The Last Quarter Moon is Sunday May 13. Venus is visible in the low in the western evening sky close to the star Elnath. Jupiter is lost in the twilight . Mars is in the eastern evening sky, close to the bright Star Regulus. Saturn is visible near the star Spica. Mercury is visible in the morning sky.
Evening sky looking North as seen from Adelaide at 8:00 pm local time on Saturday May 12 showing Mars, Regulus, Saturn and Spica and comet Garradd. Similar views will be seen elsewhere at the equivalent local time. The inset shows the telescopic appearance of Saturn and it's Moons at this time. Click to embiggen.
The Last Quarter Moon is Sunday May 13.
Mars is in the constellation of Leo. It is the brightest object in the northern sky, and its distinctive red colour makes it easy to spot. Mars is rising before sunset and is at its highest in the northern sky around 7:30 pm local time.
Mars is close to the bright star Regulus in Leo. However, it continues to move away over the week.
Mars was at opposition on March 4, when it was biggest and brightest as seen from Earth. Sadly, this is a poor opposition and Mars will be fairly small in modest telescopes.
Saturn is above the north-eastern horizon, not far from the bright star Spica. Saturn is high enough in the northern sky for telescopic observation in the late evening, being highest at 10:30 pm local time. local time. Saturn was at opposition, when it is biggest and brightest as seen from Earth, on the 16th of April, but now is still a great time for telescopic views of this ringed world.
With the Moon rising later, Comet C/2009 P1 Garrad is once again visible in the northern sky. At magnitude 8, it is just observable in binoculars. It's still relatively low to the horizon and the effects of light pollution means that the best views are in strong binoculars or telescopes under dark sky condition. As the week progresses it will rise further above the horizon, improving its visibility.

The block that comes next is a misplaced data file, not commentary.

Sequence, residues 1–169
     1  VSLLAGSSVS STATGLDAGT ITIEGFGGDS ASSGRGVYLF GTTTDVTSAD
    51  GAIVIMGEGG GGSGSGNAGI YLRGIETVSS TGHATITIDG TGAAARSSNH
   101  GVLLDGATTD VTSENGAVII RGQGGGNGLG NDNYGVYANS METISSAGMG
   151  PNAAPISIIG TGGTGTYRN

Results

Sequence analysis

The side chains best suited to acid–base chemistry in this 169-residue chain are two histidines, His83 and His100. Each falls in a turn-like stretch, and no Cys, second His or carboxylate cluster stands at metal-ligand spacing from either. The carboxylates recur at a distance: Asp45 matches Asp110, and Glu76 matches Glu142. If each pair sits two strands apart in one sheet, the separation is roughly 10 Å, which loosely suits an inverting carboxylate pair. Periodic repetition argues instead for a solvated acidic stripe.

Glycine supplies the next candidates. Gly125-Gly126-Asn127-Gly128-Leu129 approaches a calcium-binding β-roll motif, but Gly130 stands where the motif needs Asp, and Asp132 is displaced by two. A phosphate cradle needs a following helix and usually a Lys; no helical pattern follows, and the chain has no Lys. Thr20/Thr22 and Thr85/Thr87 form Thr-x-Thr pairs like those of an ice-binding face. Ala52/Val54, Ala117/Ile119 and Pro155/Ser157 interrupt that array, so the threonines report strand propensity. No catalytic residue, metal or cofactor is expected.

Morning sky on Sunday May 13 looking east as seen from Adelaide at 6:00 am local time in South Australia. Similar views will be seen elsewhere at the equivalent local time (click to embiggen)
Mercury is visible above the eastern horizon by 6:00 am in the morning.
Mercury is sinking towards the horizon, but is still visible this week.
On Saturday and Sunday Mercury will be within binocular distance of the Asteroid Vesta. Vesta, at magnitude 8, will be hard to pick up without strong binoculars and a good dark sky site.
Evening sky on Saturday May 12 looking north-west as seen from Adelaide at 6:00 pm local time in South Australia showing Venus near the Star Elnath. The inset shows the appearance of Venus seen telescopically at this time. Similar views will be seen elsewhere at the equivalent local time (click to embiggen)
Bright white Venus is visible in the evening western twilight sky from around half an hour after sunset for about an hour.
Venus continues to pass through Taurus this week. It starts the week close to the star Elnath, and draws away from Elnath during the week.
Venus is slowly sinking towards the horizon, and will become more difficult to see. It is a distinct crescent in even small telescopes now.
Jupiter is lost in the twilight.
With Mars past opposition and Saturn high in the sky, there are lots of interesting things in the sky to view with a telescope. If you don't have a telescope, now is a good time to visit one of your local astronomical societies open nights or the local planetariums.
Printable PDF maps of the Eastern sky at 10 pm AEDST, Western sky at 10 pm AEDST. For further details and more information on what's up in the sky, see Southern Skywatch.
Cloud cover predictions can be found at SkippySky.